17.08.07 - By Sean McDaniel: Up to this point, most of what I've read on various boxing sites have been fans mostly assuming that Floyd Mayweather Jr. (38-0, 24 KOs) will be having an easy time of it against Ricky Hatton (43-0, 31 KOs) on December 8th, forgetting completely about what a powerhouse Ricky is, his overall tenacity, and his superior stamina and ability to break Mayweather down over the course of the bout to wreck him. I'm fully aware about Mayweather's attributes, namely his hit and run style of offense, and how he tends to make his opponents look bad.
Article posted on 18.08.2007
However, Mayweather has never fought a tough fighter like Hatton, who is not only younger than him, but also has the type of precision accuracy to beat him. Mayweather, like most counter punchers, depend on his opponents to make miss punches so that he can make them pay for their mistakes with pot shots.
Hatton, however, rarely ever misses punches ever, and with his short arms, he's able to quickly wind up and throw more shots even when he does miss an occasional shot. Mayweather hasn't seen that kind of fighter, never.
People like to point to Arturo Gatti, suggesting that he's identical to Hatton in his fighting style, but that is now even close to being true. Gatti has never been an unstoppable machine like Hatton, nor was he as young and unbeaten as Hatton is now. No, Hatton has his own style, and there is no one like him and there never has been anyone quite like him before. Imagine seeing Mayweather's face when he attempts to do his usual thing, sliding along the ropes and pot-shotting, and finding that Hatton has effectively cut off the ring cornered him. Imagine, as well, the chilling effect it will have on Mayweather's psyche seeing Hatton do that to him again and again, destroying him each time with short, sharp blasts to the belly region. As the saying goes, Mayweather can run, but he can't hide.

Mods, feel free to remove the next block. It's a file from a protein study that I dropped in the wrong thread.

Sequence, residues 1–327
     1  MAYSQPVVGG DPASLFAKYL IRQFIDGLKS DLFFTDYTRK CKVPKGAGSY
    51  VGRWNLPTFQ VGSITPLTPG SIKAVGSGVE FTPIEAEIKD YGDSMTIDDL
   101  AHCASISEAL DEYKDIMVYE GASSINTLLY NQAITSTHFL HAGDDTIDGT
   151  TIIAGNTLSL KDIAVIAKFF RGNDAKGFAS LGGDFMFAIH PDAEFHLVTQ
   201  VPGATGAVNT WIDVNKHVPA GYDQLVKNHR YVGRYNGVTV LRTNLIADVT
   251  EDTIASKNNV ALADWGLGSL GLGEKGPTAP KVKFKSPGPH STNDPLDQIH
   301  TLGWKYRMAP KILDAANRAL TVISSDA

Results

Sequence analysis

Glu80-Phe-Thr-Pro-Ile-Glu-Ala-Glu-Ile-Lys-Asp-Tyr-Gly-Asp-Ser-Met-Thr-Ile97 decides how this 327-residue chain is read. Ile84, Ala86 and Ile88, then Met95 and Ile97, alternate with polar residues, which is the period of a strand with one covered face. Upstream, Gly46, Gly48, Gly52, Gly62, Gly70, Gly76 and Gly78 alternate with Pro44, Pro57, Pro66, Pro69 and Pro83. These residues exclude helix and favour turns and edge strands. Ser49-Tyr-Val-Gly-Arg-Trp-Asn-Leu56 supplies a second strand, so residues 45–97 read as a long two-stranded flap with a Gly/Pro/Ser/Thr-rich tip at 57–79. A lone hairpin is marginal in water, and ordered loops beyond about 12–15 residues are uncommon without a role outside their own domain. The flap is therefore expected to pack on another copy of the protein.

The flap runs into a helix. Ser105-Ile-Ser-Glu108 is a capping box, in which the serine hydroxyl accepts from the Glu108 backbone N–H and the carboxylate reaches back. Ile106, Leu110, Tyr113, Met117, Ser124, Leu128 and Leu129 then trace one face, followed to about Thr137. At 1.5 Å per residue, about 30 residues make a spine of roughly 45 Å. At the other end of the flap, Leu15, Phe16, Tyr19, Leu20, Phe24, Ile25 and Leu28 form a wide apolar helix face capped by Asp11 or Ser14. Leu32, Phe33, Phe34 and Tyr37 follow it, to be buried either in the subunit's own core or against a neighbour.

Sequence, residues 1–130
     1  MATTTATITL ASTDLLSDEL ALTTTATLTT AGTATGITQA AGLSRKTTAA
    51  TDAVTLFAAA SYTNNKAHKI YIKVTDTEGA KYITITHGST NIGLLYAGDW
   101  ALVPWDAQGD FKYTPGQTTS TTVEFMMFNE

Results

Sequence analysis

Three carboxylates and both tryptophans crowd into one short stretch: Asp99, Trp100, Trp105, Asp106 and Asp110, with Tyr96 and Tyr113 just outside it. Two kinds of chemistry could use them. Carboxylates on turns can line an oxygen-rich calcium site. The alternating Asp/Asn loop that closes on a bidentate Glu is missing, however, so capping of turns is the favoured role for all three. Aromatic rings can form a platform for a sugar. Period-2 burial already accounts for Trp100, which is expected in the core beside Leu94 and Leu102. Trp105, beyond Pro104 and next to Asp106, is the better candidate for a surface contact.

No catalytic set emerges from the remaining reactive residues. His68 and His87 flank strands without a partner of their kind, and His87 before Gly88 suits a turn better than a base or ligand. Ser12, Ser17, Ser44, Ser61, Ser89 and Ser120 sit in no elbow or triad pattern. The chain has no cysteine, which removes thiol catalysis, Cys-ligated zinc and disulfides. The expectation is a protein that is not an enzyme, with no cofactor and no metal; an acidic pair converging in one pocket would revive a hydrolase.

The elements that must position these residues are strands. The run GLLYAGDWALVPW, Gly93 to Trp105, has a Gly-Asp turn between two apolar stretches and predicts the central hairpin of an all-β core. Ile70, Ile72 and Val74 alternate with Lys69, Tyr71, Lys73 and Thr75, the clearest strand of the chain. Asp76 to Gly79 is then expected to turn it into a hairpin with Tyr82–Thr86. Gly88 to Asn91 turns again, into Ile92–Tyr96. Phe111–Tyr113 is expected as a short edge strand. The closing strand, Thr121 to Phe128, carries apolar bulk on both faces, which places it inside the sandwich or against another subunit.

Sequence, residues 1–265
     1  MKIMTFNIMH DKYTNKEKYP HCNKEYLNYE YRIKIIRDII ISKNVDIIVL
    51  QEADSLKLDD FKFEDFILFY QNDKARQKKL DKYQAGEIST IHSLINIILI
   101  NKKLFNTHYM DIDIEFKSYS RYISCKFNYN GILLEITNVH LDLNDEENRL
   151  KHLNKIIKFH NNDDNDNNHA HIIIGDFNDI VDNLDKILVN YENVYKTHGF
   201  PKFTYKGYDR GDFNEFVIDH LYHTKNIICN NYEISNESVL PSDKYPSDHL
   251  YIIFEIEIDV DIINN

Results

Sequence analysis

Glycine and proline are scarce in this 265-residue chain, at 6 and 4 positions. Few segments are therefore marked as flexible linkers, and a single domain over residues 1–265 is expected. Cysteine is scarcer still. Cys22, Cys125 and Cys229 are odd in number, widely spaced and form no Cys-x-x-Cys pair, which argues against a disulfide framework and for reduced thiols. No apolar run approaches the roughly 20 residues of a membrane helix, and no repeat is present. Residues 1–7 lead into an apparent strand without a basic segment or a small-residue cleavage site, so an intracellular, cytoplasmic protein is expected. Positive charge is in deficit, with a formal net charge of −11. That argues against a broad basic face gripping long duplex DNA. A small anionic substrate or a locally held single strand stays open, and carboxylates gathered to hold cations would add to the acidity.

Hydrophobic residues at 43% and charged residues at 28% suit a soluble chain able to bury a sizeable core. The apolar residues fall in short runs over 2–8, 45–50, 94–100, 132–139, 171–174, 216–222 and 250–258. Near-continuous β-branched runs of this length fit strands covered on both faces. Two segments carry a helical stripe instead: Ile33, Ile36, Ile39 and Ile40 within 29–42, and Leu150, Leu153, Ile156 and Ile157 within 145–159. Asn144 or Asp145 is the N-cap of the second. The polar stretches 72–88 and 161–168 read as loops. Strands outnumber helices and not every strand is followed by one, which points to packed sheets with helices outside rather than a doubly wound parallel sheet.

I've also noticed that way too many writers and, perhaps more significantly, fans, have been fooled by Mayweather's wins over old fighters such as Oscar De La Hoya and Carlos Baldomir, and point to this as further evidence for Mayweather's supposed greatness as a fighter. It's really laughable to we have so many naive people in the world without even the inclination to put the wins in perspective. Certainly, if Mayweather had beaten a prime De La Hoya, I'd not hesitate to give him full credit, but the fact remains he beat an old De La Hoya, one that should have called it a career two-three years ago. Many, if not most, Mayweather fans won't even entertain the idea that Hatton, with his atomic pressure style, is capable of ruining Mayweather.
Before leaving this all too brief article, I want to point out that Mayweather's propensity to focus on his defensive, safety-first style of fighting, unfortunately for him, will lead to his downfall against Hatton. If you live by the sword, you die the sword, the saying goes, meaning that if Mayweather's tendency is to run, cover up like a turtle or throw punches on the outside, Hatton's aggressive style is perfectly suited to defeat each of these measures as they present themselves. I'll go even further by saying that Mayweather's style is perfect for Hatton, one that he's seen (and defeated) all throughout his career. In many ways, Hatton is like a big spider, who is attacking a fly in his web. The fly may attempt to run from the web, but will find himself trapped nonetheless and be forced to have his life sucked out of him. The same goes for Mayweather.